Unlocking the HELOC Interest Deductions: Clarifications from the IRS

The IRS published an Information Release on February 21, 2018 clarifying that certain home loan mortgage interest deductions many thought were lost under the new tax act may still be deductible. 1 The Tax Cuts and Jobs Act of 2017 (“TCJA”), which was enacted on December 22, 2017, suspends from 2018 until 2026, any deduction for interest paid on home equity loans and lines of credit, unless they are used to buy, build, or substantially improve the home of the taxpayer which secures the loan (acquisition indebtedness).

As a result of the TCJA, taxpayers should know that:

(1) deductibility is capped at the lesser of:

(a) the fair market value of the qualified residence, and

(b) $750,000, if married filing joint or $375,000 otherwise, and

(2) notwithstanding that the TCJA disallows home equity indebtedness by its very definition, some home equity indebtedness is still deductible (due to redefinition in the statute). 2

So, taxpayers must make sure they consider (1) the purpose of the loan, (2) the property which will secure the loan, and (3) the total amount of indebtedness secured by the property.

The IRScontinued by providing a few examples:

Example 1 – A Deductible Home Improvement Loan Under the Value Cap and a Non-Home Improvement Loan Non-Deductible Scenario

In January 2018, a taxpayer takes out a $500,000 mortgage to purchase a main home with a fair market value of $800,000. In February 2018, the taxpayer takes out a $250,000 home equity loan to put an addition on the main home. Both loans are secured by the main home and the total does not exceed the cost of the home. Because the total amount of both loans does not exceed $750,000, all of the interest paid on the loans is deductible. However, if the taxpayer used the home equity loan proceeds for personal expenses, such as paying off student loans and credit cards, then the interest on the home equity loan would not be deductible.

Example 2 – A Deductible Loan to Purchase a Second Home Secured by the Second Home and a Non-Deductible Loan Improperly Secured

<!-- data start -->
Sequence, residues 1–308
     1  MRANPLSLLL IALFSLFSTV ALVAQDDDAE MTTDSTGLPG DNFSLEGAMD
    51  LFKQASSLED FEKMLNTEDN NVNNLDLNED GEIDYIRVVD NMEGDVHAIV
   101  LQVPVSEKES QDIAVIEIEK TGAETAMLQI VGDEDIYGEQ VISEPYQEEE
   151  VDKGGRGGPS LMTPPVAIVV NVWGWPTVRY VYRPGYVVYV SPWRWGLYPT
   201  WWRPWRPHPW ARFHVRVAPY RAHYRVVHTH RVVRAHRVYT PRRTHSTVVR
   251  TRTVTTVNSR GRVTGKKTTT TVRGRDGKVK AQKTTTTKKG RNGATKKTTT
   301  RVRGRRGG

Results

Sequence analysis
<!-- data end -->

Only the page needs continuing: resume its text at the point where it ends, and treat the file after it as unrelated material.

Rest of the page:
In January 2018, a taxpayer takes out a $500,000 mortgage to purchase a main home. The loan is secured by the main home. In February 2018, the taxpayer takes out a $250,000 loan to purchase a vacation home. The loan is secured by the vacation home. Because the total amount of both mortgages does not exceed $750,000, all of the interest paid on both mortgages is deductible. However, if the taxpayer took out a $250,000 home equity loan on the main home to purchase the vacation home, then the interest on the home equity loan would not be deductible.

Example 3 – Working Past the Limit – Beyond the Cap Example

In January 2018, a taxpayer takes out a $500,000 mortgage to purchase a main home. The loan is secured by the main home. In February 2018, the taxpayer takes out a $500,000 loan to purchase a vacation home. The loan is secured by the vacation home. Because the total amount of both mortgages exceeds $750,000, not all of the interest paid on the mortgages is deductible. A percentage of the total interest paid is deductible. 3

Our clients have historically used home refinancing indebtedness in the past for down payments for investment projects or other debts.  While the landscape may have changed under the TCJA, opportunities are still available.

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Footnotes

  1. IR 2018-32
  2. See IRC 163(h)(3)(C)(1) Here, the term “home equity indebtedness” excludes “acquisition indebtedness”
  3. Examples provided in IR 2018-32